Host responses to Mycobacterium tuberculosis infection provide a basis for diagnosis of latent infection and active disease. T cell responses have been the mainstay for diagnosis of latent infection and may contribute to diagnosis of active disease. Recent advances in characterizing humoral responses will likely contribute to improved diagnosis of active disease. However, these measures fail to distinguish the continuum of infection states. Moving to a systems approach to biomarker discovery may provide the resolution that current methods of diagnosis lack. The chapter evaluates the current use of T cell and B cell responses for diagnosis and the limitations of applying them separately. The possibility that macrophage or monocyte activation may serve as a biomarker is also addressed. We consider whether methodologies that combine (a) multifunctional T cell responses and T cell types, (b) monocyte/macrophage characteristics that reveal response to infection, and (c) dominant B cell responses to M. tuberculosis growth-phase-specific antigens can further contribute to a systems approach for biomarker-discovery that can distinguish among infection states.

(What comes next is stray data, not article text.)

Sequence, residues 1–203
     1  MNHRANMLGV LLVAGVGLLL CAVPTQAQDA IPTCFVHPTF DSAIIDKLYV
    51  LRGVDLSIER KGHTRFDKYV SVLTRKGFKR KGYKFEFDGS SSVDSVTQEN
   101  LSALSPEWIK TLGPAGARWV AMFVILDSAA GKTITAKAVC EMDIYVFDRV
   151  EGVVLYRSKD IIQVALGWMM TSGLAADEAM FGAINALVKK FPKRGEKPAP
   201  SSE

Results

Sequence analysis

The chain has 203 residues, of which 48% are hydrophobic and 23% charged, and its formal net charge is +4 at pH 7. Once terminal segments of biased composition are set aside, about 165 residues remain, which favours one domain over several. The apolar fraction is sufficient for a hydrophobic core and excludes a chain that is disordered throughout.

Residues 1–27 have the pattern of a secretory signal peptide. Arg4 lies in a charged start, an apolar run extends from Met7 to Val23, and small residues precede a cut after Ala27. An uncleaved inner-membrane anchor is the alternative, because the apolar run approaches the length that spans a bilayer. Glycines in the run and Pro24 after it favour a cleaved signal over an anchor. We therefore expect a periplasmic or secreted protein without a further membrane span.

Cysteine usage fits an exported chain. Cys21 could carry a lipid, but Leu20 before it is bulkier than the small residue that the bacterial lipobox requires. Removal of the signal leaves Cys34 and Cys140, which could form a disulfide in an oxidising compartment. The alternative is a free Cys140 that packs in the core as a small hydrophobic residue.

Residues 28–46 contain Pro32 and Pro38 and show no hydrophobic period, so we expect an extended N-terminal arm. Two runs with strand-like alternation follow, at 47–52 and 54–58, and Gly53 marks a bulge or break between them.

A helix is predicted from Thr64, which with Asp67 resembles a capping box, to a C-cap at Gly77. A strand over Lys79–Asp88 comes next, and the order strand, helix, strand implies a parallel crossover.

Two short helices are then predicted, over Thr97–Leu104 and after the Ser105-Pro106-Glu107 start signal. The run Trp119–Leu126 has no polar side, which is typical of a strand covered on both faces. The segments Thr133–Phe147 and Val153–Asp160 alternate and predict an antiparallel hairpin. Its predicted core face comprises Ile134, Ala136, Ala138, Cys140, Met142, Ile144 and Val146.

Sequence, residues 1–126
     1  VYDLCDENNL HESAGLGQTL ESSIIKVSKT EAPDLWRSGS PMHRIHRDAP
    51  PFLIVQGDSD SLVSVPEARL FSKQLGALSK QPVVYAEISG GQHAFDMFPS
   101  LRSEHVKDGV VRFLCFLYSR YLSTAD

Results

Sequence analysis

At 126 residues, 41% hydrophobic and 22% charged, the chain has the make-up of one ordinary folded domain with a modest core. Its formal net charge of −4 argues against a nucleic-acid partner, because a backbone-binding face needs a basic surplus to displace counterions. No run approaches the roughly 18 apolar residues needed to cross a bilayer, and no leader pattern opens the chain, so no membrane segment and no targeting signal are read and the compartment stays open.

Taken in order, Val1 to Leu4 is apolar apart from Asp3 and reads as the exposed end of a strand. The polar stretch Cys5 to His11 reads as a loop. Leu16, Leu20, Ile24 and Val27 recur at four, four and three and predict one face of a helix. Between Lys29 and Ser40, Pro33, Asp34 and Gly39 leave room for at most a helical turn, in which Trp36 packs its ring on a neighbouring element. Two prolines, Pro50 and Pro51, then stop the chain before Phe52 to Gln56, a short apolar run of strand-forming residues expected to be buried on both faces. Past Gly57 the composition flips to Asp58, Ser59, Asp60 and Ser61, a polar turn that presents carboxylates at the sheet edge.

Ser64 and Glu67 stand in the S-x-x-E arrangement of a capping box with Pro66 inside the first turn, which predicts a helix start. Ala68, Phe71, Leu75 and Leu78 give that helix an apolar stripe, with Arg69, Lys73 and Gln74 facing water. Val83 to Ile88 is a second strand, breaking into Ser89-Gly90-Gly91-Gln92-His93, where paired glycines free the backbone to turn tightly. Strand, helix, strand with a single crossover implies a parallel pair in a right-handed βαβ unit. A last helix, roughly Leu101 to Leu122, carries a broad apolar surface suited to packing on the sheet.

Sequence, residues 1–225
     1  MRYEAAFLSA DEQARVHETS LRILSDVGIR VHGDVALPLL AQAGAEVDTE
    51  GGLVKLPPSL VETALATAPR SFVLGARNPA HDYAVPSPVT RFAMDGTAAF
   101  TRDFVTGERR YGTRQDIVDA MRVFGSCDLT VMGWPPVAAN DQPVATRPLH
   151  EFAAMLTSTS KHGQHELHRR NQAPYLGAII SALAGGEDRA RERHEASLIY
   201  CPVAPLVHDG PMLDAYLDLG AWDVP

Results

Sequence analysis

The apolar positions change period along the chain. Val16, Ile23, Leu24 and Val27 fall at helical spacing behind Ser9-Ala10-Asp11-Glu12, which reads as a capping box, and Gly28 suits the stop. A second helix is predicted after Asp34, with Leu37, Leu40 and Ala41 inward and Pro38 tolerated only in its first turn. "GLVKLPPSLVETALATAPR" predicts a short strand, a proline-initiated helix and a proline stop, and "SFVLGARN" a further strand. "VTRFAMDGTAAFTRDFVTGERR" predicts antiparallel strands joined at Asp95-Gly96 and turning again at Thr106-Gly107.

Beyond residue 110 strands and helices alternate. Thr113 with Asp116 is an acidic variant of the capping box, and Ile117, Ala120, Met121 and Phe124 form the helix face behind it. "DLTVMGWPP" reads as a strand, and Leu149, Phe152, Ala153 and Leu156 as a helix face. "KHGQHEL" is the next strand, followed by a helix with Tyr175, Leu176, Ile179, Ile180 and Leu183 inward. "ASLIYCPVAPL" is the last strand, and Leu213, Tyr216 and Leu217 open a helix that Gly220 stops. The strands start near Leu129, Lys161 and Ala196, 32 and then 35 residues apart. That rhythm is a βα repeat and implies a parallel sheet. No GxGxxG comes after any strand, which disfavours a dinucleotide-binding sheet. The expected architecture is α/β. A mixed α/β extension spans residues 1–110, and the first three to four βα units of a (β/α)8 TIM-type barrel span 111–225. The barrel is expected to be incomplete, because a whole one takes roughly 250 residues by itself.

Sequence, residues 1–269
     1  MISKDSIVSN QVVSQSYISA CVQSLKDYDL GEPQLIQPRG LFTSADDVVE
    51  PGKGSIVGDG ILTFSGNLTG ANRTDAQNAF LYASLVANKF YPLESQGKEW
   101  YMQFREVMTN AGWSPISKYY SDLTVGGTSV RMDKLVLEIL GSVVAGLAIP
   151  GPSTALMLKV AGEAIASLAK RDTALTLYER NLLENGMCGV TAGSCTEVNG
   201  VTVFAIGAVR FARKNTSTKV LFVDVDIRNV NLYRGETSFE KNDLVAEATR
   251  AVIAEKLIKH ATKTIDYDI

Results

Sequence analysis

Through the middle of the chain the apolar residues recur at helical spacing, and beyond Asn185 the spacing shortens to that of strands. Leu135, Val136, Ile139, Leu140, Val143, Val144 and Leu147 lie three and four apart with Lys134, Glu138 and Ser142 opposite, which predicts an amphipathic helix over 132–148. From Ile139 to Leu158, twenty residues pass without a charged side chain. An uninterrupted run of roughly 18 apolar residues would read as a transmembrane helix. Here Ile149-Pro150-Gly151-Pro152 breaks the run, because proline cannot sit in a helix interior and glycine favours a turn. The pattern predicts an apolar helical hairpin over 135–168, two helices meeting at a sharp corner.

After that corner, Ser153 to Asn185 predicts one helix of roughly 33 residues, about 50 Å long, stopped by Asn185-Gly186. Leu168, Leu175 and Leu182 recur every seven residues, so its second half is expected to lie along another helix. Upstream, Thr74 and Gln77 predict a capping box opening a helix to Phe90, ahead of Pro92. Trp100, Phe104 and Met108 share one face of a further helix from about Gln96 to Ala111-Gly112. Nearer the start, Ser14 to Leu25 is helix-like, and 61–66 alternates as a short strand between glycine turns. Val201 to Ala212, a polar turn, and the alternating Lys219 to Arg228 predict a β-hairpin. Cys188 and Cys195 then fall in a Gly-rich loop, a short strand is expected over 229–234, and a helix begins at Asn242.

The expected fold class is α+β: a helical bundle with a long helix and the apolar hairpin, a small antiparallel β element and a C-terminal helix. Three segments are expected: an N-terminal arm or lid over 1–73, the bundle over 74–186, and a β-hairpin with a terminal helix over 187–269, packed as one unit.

All Science Journal Classification (ASJC) codes
- Agricultural and Biological Sciences(all)
- Biochemistry, Genetics and Molecular Biology(all)